2. The fat cats running the unions are screaming not because some non paying dues folks in their view get a free ride, but because they have less larder to put in their pockets.

  3. There should be no such thing as public sector unions. All they do is further distance the public from the people spending the our money. With public unions we have NO SAY in how they spend our money.

  4. Beautifully written and completely understandable article. This is a great explanation of how the unions leverage the “if you want to work, you must pay us to campaign against you”. This had been way to long in coming. Unions started a long time ago to keep employers from terrible working conditions, and were effective. But they evolved into a ‘workers revolt’ to fence in industries and public sector jobs to promote the unions, not the workers. Where in this country are people forced to work for less than a decent wage? Certainly not in the public sector. When the guy standing next to and talking to his fellow workers alongside our highways, and one guy with a shovel, you can see the unstoppable creep of unionized govt workers. We’re paying hundreds of dollars an hour for one guy with a shovel. And woe to the citizen who objects.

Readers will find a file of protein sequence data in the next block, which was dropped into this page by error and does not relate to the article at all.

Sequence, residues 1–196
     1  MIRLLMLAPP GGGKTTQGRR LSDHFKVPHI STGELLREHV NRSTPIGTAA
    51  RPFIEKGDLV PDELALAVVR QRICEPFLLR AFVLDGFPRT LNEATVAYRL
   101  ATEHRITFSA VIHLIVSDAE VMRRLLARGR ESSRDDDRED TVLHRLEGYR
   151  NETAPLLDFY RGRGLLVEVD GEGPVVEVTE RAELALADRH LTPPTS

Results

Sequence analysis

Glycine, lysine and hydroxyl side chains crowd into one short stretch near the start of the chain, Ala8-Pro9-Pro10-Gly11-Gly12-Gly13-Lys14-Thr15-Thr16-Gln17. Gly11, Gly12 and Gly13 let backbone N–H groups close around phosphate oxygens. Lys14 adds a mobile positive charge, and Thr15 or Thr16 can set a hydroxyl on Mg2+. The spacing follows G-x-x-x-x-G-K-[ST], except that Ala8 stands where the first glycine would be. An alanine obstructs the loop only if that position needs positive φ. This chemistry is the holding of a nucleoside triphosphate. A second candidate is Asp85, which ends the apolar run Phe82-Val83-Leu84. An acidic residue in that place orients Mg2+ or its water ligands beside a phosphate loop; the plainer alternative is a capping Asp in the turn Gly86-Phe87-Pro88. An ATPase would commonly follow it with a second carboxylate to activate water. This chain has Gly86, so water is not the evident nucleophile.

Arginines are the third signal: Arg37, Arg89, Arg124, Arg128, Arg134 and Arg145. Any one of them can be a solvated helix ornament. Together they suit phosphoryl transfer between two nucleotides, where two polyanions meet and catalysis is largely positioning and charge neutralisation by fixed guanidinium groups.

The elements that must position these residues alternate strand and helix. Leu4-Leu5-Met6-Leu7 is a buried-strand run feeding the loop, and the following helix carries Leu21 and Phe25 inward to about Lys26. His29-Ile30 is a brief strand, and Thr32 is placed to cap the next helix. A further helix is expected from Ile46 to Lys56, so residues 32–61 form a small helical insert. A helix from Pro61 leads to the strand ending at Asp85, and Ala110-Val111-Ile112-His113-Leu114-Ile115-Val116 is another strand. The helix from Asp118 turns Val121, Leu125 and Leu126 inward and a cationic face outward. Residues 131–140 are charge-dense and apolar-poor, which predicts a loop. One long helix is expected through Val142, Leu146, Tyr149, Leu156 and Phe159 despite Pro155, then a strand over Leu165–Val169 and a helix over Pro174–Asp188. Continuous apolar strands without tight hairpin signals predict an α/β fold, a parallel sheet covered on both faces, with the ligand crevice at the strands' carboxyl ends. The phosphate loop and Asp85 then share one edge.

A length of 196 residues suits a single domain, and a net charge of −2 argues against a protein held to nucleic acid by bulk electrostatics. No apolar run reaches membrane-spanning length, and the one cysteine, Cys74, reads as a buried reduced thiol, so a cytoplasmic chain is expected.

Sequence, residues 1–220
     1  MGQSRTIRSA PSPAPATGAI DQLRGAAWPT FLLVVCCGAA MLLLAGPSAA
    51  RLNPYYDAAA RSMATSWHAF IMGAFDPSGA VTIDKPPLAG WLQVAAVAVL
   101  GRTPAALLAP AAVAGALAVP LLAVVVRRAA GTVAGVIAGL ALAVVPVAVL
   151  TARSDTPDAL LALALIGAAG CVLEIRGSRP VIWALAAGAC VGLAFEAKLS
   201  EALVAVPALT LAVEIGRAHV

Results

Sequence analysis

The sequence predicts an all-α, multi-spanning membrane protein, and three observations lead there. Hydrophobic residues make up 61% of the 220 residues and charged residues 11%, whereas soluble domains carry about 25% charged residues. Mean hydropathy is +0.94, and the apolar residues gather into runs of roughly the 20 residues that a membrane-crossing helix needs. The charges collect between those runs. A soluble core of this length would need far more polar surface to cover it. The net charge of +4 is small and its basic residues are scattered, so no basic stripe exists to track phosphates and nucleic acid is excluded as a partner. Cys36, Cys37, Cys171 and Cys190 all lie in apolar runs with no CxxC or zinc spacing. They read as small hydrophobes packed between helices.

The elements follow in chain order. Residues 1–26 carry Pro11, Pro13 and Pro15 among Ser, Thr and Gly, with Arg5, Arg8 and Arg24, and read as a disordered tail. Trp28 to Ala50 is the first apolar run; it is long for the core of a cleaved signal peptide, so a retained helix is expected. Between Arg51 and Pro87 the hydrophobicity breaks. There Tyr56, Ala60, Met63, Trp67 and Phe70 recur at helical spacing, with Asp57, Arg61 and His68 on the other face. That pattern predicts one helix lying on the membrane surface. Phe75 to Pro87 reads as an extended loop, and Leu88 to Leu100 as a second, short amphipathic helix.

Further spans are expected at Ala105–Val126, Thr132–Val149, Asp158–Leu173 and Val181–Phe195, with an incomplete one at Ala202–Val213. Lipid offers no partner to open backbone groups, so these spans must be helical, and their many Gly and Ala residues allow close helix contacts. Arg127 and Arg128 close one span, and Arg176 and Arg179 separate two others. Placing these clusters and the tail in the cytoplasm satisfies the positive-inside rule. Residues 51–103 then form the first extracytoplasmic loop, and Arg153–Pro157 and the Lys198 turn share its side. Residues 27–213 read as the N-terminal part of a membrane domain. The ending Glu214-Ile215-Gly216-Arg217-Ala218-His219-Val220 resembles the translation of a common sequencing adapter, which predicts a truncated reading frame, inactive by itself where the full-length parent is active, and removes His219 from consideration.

5. The big public education monopoly owns many of our elected officials. Representative Sharpe, (former union teacher and union money grab beneficiary) sits with and rubs elbows with union brass quite often, he doesn’t even try to hide it. When my family testified in front of the Vt house and Senate education committees, Sharpe was a good union puppet and prefaced our testimony with his anti-choice blab. He must be very proud of his allegiance to a big union and willingness to harm Vt children and families.